We’re pleased to bring you the premiere of Toronto, ON punk rock outfit We Outspoken’s new album All The Right Pieces (listen below), which will officially be released tomorrow (Friday, September 16th). You can purchase the album on iTunes.
We talked briefly with We Outspoken vocalist/guitarist Anthony Mascarin about their unique way of recording the album, the artist they commissioned to do the artwork, and more. You can read the interview below the stream.
You recorded at Metal Work Studios as a teaching project for students. How did it feel initially, having students watch you record?
Good question. Yeah, it was strange at first. The studio is a very sacred environment. We were reluctant in the beginning but having the students, as well as two awesome producers, put the pressure on for us to play our best. Having all those eyes and ears on you is tough, but we have played enough shows that it was second nature. Too be honest, you forget that anyone is even there, especially when you are recording your parts. You are completely in the moment, it doesn’t matter who is in the room.
Did you know the Metal Work Studios producers Joel Kazmi and Blair Robb prior to getting an email about working together on this album?
We didn’t know them personally but heard of them throughout the years, and their works. Joel for instance, worked with Jerry Finn on Sum 41’s All Killer No Filler, so it was common ground for us, coming from the punk rock scene. Blair we got to know more as we worked with him. Both Joel and Blair are from different musical backgrounds, so it was great hearing what both had to say and offer. Both those guys are extremely talented. This was our first time working with producers. As the sessions continued, we became close friends, and became really comfortable around them. We will work with them again in the future. Our guitarist Joe was the middle man in making all of this happen. Joe’s friend’s band was supposed to do this one of a kind project, but it didn’t work out, so he asked Joe. We won the lottery basically.
The album artwork was done by Winston Smith, the man behind Dead Kennedys’ logo and Green Day’s Insomniac album cover. Did you give him much direction when he came on board to do the artwork for All The Right Pieces, or did you give him free reign to do whatever?
There is an amazing story here between Winston Smith, Green Day and We Outspoken. Without getting into too much detail Green Day’s Insomniac was the first album that I bought. When I was younger, I use to go into record stores with our drummer, my brother Alex, and look at the artwork. Insomiac caught my eye immediately, the artwork blew me away and I asked my mom to buy it for me. I remember spending hours looking at the front and back cover of that record, eventually I listened to the music and that is what changed everything for me. I wanted to start a band. This was my “a ha” moment where I knew what I wanted to do with my life. Fast forward 15 years later, we finished our record at Metal Works and wanted to figure out artwork. I revisited the Insomniac artwork, and noticed on the 8 ball picture, there was a name, Winston Smith 1995, I decided to look him up and contact him. I told Winston the story and he was blown away. I asked him if he would be interested in doing some artwork for us. He agreed. We sent him some music and let him run with any ideas or feelings that he had. Winston is a master at Surrealist collage art, so we wanted him to take it in any direction that he felt was right. Nothing was forced. Check out this video of Winston talking about the record here (watch below). It was a dream come true to be able to work with Winston, he watched the birth of Punk Rock happen, in fact he showed us the exact club in San Francisco where it all began.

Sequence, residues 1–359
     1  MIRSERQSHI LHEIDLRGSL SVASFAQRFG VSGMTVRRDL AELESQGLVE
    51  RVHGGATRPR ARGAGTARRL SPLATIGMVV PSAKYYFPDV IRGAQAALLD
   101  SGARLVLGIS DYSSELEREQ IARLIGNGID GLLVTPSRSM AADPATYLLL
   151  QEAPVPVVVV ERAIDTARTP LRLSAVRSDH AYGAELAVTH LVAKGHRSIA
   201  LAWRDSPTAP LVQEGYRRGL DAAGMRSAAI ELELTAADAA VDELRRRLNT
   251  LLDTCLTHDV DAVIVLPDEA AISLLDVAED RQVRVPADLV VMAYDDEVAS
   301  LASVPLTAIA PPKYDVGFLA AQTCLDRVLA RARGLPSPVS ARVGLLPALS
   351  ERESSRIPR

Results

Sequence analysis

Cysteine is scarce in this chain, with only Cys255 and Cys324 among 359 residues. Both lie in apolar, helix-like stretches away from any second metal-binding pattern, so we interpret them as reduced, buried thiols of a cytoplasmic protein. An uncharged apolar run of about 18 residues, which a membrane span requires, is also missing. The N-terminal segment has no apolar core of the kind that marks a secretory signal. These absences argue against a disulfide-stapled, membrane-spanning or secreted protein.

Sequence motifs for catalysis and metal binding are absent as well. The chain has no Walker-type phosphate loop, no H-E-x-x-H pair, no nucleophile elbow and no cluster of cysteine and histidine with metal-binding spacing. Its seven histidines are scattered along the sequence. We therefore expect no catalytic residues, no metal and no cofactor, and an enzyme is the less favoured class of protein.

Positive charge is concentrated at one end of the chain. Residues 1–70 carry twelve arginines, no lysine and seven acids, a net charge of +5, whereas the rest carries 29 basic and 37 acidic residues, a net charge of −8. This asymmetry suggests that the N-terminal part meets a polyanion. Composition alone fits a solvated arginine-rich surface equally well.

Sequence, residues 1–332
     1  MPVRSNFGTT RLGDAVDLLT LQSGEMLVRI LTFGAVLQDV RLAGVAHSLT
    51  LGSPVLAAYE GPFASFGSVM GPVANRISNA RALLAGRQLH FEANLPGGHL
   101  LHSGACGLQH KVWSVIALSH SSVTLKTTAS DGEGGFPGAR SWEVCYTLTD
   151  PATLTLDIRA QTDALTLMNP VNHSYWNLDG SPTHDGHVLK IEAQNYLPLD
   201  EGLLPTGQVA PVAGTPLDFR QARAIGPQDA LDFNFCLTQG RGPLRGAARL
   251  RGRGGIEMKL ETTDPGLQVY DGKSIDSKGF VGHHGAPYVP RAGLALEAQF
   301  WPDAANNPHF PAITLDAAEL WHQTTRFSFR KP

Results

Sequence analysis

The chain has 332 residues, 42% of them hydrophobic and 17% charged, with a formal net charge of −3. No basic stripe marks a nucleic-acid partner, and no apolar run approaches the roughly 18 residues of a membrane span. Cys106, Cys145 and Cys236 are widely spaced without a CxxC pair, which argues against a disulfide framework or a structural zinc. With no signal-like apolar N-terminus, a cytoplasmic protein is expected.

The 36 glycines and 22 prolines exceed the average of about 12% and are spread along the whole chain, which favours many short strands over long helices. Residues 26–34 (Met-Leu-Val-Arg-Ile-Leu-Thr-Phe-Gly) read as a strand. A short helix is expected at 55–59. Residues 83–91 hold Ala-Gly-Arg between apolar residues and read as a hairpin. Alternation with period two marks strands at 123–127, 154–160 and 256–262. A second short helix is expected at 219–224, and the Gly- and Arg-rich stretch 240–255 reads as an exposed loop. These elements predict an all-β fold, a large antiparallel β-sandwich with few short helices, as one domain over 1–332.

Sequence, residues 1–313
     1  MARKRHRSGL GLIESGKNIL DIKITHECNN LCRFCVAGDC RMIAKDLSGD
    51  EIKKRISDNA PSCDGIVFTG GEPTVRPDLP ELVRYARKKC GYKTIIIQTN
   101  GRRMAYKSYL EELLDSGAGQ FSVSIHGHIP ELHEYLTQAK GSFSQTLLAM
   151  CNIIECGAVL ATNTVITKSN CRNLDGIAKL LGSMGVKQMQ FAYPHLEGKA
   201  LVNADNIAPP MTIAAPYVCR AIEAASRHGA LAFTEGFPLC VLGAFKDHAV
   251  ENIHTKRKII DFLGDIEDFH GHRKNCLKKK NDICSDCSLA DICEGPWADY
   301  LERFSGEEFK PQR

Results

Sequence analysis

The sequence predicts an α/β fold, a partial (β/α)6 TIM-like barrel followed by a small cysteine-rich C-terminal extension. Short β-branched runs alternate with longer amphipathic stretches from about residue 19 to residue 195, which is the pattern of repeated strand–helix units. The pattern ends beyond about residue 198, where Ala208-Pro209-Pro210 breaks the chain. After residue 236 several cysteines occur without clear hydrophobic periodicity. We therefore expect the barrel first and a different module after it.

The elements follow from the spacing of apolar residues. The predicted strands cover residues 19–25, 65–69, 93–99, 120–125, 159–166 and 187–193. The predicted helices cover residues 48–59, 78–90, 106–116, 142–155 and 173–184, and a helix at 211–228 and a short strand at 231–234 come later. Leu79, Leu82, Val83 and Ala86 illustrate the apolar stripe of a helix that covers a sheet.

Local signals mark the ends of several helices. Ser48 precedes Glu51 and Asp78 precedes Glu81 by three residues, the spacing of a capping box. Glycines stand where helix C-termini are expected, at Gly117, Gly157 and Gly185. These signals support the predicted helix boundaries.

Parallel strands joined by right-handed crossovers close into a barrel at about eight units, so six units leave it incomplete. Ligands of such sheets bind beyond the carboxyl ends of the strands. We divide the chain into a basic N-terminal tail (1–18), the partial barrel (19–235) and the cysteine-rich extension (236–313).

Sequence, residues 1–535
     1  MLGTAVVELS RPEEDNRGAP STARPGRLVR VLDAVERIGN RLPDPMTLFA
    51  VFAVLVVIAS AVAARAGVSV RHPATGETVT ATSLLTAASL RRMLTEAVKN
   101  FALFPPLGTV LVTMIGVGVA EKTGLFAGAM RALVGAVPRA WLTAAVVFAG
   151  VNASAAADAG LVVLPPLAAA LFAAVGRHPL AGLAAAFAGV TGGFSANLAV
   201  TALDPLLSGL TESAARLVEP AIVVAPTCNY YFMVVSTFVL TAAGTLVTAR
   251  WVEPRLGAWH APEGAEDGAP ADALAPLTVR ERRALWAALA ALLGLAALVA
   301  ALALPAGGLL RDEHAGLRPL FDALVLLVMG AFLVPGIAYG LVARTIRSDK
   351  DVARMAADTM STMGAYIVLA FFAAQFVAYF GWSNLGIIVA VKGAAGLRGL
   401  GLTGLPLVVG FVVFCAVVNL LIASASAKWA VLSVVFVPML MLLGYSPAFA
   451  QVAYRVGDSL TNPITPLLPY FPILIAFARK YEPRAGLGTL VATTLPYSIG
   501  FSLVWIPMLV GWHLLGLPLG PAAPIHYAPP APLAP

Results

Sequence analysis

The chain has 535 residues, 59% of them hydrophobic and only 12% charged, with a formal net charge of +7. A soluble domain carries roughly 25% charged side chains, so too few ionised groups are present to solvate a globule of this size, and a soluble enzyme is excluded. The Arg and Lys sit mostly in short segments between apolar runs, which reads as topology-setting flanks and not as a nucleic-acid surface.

There seem to be themes of both optimism and self-loathing intertwined in the songs on All The Right Pieces. What life events or reoccurring thoughts are the cause for this back & forth?
Life is very much like this – the ups and down, highs and lows. These themes come from the need to keep going and the strength needed. We always put ourselves down, we self-sabotage. Our language is ingrained with this. The idea is to write songs that go beyond the self-doubt. The hope is that you want to do more with your life and have the courage to take risks and chances.
What are things in life you feel help focus on the optimistic side?
I think having goals is important. We are all driven by something.
What’s the significance of April 1st in the title track, mentioning both 1999 and 2009? Is there something real there, or is it an April Fool’s joke?
Yes there is. I am glad you asked this question. The date is not exactly April 1st ( I had to write something that flowed with the melody), but the year is correct. 1999 was when Blink 182 released Enema of the State. Everyone wanted to start a band because of those guys. They were the push that we needed at the time to get our music game on.
Who are you referring to in the last song when you say “we would do anything for you”?
This is another story, one that has carved the way for us. We recorded this song down in Rio de Janeiro, Brazil. At Estudio Superfuzz with our friends in the band Zander. They offered to record a song for us when we toured down there in 2015. The point is that we book our shows through handshakes and emails. All of our tours have been booked on the backs of hardworking bands and promoters who took a chance on us and who continue to work with us. We would do anything for them and they for us. We are basically saying thank you. Anytime you want to come our way, we will take care of you. That was some of the most fun we had in a studio. You can hear us at the end of track laughing, yelling, and being ridiculous after doing some gang vocals for the last chorus. What a blast!